The celebrated monarch made a definite dedication of his life to God when he clocked 50 years in 1988. As he marked the 50th birthday, he donated two houses in Lagos to the church in fulfillment of his pledge to “build a house of worship at his residence”.
In a prophetic letter he wrote to General Olusegun Obasanjo (rtd) dated May 21, 1996, accurately prophesying Obasanjo’s freedom from incarceration in Abacha’s gulag, the Oba, Dr. Adedapo Adewale Tejuoso, made a profoundly significant statement which captures the whole essence of who he is and the secret of his power: “Eni ti o ranni ni ise la nberu, aki nberu eni ti ama je ise na fun” (When you fear the Lord, you have no one else to fear).
On ascending the throne in 1989, King Tejuoso declared his spiritual stance by denouncing idolatry and renouncing any association with every questionable group. He commenced his mission to preach the gospel to all nations by setting up the Oba Karunwi Evangelical Organisation, which has over the years proved to be a veritable platform for his evangelistic exploits via crusades and related missionary engagements in diverse places including remote heathen villages where the gospel had either never reached or faced resistance. The anniversary book also reveals that “Testimonies have always been given by converts to confirm that they accepted Christ as their Lord and Savior as a result of the evangelical efforts of King Tejuoso, Karunwi III.”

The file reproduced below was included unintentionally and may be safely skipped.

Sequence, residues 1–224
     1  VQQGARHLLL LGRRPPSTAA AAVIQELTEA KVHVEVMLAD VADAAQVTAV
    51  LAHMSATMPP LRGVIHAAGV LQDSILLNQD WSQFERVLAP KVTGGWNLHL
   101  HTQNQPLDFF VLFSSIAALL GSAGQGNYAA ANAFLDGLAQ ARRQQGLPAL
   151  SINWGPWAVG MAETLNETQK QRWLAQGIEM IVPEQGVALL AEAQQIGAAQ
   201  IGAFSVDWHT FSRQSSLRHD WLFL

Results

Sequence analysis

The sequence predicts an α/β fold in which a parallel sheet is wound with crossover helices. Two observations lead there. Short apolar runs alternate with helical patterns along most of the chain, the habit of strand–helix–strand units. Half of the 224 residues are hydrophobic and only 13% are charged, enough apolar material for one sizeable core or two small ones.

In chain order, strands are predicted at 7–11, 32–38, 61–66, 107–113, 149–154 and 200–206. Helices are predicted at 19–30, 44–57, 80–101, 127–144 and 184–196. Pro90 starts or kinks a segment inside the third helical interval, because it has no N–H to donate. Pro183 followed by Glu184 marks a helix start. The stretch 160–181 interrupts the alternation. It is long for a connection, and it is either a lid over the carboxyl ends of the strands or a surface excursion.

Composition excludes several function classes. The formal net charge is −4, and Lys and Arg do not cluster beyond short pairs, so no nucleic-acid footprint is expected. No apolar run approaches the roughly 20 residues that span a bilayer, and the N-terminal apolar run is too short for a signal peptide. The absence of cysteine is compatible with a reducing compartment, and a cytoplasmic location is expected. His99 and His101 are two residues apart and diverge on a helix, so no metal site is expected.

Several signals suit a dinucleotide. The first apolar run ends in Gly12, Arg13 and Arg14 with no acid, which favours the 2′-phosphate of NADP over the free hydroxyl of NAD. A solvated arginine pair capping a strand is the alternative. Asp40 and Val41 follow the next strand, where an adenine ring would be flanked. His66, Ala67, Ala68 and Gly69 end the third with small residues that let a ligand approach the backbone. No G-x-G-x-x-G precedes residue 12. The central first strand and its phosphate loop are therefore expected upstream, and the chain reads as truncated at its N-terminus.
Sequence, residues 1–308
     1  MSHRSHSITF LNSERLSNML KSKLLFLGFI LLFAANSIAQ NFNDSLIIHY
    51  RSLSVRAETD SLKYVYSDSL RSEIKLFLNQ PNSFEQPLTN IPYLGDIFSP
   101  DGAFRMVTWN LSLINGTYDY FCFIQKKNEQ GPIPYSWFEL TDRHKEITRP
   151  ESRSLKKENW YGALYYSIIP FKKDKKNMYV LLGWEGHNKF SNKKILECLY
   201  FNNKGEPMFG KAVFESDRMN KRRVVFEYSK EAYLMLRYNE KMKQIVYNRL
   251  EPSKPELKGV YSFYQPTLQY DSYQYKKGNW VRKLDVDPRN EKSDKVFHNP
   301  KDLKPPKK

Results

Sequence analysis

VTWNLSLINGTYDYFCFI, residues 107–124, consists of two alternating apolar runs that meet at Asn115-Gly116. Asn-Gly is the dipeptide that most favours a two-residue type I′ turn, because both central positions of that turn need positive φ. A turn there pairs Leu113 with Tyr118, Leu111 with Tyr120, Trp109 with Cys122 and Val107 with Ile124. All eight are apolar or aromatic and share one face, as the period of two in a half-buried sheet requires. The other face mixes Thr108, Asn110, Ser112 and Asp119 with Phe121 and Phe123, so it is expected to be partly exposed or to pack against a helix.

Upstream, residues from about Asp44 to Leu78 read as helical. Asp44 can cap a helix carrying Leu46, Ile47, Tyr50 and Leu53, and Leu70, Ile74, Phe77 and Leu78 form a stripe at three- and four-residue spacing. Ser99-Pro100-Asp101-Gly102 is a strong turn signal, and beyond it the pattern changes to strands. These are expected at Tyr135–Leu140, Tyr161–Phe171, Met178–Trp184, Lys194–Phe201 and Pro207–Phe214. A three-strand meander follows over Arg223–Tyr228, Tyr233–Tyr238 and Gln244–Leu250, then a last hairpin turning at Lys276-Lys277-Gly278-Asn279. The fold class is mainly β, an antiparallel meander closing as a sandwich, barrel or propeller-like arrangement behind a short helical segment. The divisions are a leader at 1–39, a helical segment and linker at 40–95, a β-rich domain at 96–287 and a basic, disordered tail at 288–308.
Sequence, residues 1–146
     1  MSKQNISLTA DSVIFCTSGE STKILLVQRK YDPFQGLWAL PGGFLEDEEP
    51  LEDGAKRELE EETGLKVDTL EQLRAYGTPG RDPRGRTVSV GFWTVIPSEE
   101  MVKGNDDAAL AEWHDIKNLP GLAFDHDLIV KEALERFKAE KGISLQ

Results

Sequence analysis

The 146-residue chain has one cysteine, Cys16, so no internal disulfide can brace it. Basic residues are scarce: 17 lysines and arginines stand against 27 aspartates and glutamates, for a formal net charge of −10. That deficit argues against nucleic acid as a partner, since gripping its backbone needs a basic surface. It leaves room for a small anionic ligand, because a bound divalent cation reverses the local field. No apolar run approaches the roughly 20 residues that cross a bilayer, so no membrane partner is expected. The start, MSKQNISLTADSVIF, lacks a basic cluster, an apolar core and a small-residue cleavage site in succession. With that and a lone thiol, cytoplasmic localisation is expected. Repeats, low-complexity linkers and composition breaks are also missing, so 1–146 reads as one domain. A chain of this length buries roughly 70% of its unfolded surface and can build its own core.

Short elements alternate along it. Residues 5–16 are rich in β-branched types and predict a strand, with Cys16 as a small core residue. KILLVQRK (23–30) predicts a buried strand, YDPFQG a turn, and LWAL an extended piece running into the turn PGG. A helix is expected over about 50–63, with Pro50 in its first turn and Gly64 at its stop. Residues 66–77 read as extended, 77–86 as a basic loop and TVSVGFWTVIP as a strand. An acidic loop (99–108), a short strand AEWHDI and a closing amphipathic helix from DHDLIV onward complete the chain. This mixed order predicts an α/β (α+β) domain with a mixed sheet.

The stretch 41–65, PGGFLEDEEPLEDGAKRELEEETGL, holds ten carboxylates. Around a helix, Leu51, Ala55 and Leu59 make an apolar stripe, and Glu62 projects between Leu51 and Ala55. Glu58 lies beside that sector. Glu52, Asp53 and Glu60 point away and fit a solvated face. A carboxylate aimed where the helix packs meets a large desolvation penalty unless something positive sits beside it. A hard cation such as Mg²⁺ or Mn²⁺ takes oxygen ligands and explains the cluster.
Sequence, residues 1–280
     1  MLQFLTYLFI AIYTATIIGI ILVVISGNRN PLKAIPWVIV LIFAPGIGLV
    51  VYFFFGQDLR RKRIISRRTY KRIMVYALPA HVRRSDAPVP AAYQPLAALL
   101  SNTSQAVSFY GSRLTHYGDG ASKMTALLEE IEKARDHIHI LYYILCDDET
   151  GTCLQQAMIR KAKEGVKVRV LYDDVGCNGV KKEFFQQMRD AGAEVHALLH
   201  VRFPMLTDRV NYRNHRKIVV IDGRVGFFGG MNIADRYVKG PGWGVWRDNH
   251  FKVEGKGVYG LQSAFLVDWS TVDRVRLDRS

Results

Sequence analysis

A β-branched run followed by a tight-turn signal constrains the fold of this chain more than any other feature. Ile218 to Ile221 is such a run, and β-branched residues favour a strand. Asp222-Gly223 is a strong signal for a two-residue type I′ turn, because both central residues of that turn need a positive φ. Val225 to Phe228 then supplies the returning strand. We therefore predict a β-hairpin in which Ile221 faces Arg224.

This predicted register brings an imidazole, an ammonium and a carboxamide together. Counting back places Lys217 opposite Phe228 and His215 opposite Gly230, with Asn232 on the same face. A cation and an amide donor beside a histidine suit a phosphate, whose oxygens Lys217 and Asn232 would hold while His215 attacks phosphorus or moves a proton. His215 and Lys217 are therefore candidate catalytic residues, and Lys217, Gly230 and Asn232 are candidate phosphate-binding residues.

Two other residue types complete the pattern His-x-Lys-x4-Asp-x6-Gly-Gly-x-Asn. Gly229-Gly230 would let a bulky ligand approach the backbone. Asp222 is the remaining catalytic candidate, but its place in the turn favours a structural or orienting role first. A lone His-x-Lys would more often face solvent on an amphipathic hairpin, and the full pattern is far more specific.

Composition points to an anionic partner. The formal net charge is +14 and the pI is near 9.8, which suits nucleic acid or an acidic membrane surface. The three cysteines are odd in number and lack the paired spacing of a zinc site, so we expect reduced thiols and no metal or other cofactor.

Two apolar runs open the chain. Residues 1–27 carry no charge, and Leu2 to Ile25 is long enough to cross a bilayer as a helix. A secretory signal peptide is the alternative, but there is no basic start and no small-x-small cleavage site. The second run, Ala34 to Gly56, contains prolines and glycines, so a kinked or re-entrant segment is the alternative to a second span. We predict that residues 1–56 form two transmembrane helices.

The Oba also organizes outreaches that help satiate the spiritual needs of his contemporaries within and outside Nigeria as he invites them to acknowledge, accept and celebrate the King of Kings. Moreover, in compliance with the great commission, “Preach the gospel to all nations”, he founded a Bible school which grooms many evangelists for the task. In addition to the Kings’ Day of Praise celebration he observes annually, the Oba still hosts regular Bible study and prayer meetings.
In propagating the gospel of Jesus Christ, Oba Tejuoso also embraces other aspects of social responsibility as he extends his activities to strengthen the health, education and legal sectors for the benefit of the less privileged. For instance, he engaged in the fight that resulted in the eradication of guinea-worm in some rural communities of Egbaland, awarded scholarship grants to indigent students and advocated for the rehabilitation of prisoners in the society.